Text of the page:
Eric Allan Hall has been working on his Borg costume since 1993. Over the years, he’s added more and more to it and won several costume contests along the way. StarTrek.com invited him to share his method with his fellow Trekkies.
While the article doesn’t contain comprehensive, step-by-step instructions for building a Borg costume, Hall goes through each section of his award-winning outfit and details what it’s made of and how he goes about building and refining it.
Some of the basic things Hall writes you need are:
- Black cotton pants and a turtleneck for your base layer.
- Black and white spray paint to give your costume a consistent color.
- Children’s baseball helmet for headgear.
- Acrylic paint and model paintbrush for detailed work.
- Sewing supplies like needles and upholstery thread.
- Black tubing and padding material.
- Glow sticks and LED lights.
Read Eric Allan Hall’s full guide on how to build a budget Borg costume at StarTrek.com.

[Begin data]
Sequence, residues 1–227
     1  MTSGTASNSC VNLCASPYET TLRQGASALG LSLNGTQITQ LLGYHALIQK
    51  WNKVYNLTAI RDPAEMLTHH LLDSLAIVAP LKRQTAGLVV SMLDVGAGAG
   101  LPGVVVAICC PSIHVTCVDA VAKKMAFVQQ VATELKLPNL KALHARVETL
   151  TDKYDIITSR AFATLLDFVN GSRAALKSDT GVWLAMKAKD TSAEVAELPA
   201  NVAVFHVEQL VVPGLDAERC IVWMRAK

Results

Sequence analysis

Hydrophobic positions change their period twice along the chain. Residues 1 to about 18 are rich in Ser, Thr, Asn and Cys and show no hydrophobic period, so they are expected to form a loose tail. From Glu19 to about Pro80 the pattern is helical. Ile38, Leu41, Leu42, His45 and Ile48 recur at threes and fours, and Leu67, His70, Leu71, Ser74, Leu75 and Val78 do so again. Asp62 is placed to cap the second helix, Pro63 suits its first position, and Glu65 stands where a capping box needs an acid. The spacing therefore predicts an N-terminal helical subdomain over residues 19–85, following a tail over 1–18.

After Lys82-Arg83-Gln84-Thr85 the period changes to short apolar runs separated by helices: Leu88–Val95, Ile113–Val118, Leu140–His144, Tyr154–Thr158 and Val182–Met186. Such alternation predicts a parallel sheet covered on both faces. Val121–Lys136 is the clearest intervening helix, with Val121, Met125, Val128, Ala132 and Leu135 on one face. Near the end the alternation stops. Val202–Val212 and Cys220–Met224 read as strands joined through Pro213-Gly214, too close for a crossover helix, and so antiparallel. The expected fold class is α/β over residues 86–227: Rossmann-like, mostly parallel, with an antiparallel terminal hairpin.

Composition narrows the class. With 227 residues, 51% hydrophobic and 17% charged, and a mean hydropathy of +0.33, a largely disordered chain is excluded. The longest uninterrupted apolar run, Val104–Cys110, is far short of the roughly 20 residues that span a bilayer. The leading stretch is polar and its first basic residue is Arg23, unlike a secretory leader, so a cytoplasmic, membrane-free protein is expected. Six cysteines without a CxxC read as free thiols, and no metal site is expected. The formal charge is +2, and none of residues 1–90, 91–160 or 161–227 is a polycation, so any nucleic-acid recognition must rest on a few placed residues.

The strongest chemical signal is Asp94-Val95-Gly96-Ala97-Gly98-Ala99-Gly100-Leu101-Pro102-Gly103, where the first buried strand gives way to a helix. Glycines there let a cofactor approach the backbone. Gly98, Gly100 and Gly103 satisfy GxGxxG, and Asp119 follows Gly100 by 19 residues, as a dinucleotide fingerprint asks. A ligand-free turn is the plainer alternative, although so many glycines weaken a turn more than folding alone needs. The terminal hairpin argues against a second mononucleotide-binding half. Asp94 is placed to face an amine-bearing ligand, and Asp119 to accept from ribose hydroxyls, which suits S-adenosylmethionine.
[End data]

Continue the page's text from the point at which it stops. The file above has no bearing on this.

Once you’ve got those things, you’re ready to add your own personal flair to your Borg outfit. Hall’s costume includes things like a neck fan, battery-operated plasma disc, hologram sticker of a spring, voice modulator, leaf blower tube, snow boot, toys, and more odds and ends that Hall has collected over the years.
You can get parts for your Borg costume pretty much anywhere, so long as you keep your eyes open. Hall finds his costume components in places like yard sales, joke shops, fabric stores, surplus outlets, thrift stores, Halloween supply shops, and electronics stores, just to name a few.
Being a Borg isn’t the only thing Hall is known for. FanX Salt Lake inducted him into their cosplay Hall of Fame in 2015 for his costumes of Star Trek’s Lt. Commander Data, Superman, Harry Potter’s Remus Lupin, X-Men’s Nightcrawler, The Joker, Red Skull, Green Lantern, Mr. Incredible, and more. His Instagram is filled to the brim with cosplay images that show his incredible devotion to the hobby.
He also previously shared his child assimilation tactics on StarTrek.com back in 2020. And in 2017, he penned a piece about how to get the most out of a comic convention. Additionally, Hall is a member of HEROIC, a non-profit organization of cosplayers that performs for charity events.
Keep in mind that Hall’s outfit is 30 years in the making, so you shouldn’t expect your 2020s costume to have the refinement that he does in its first year out.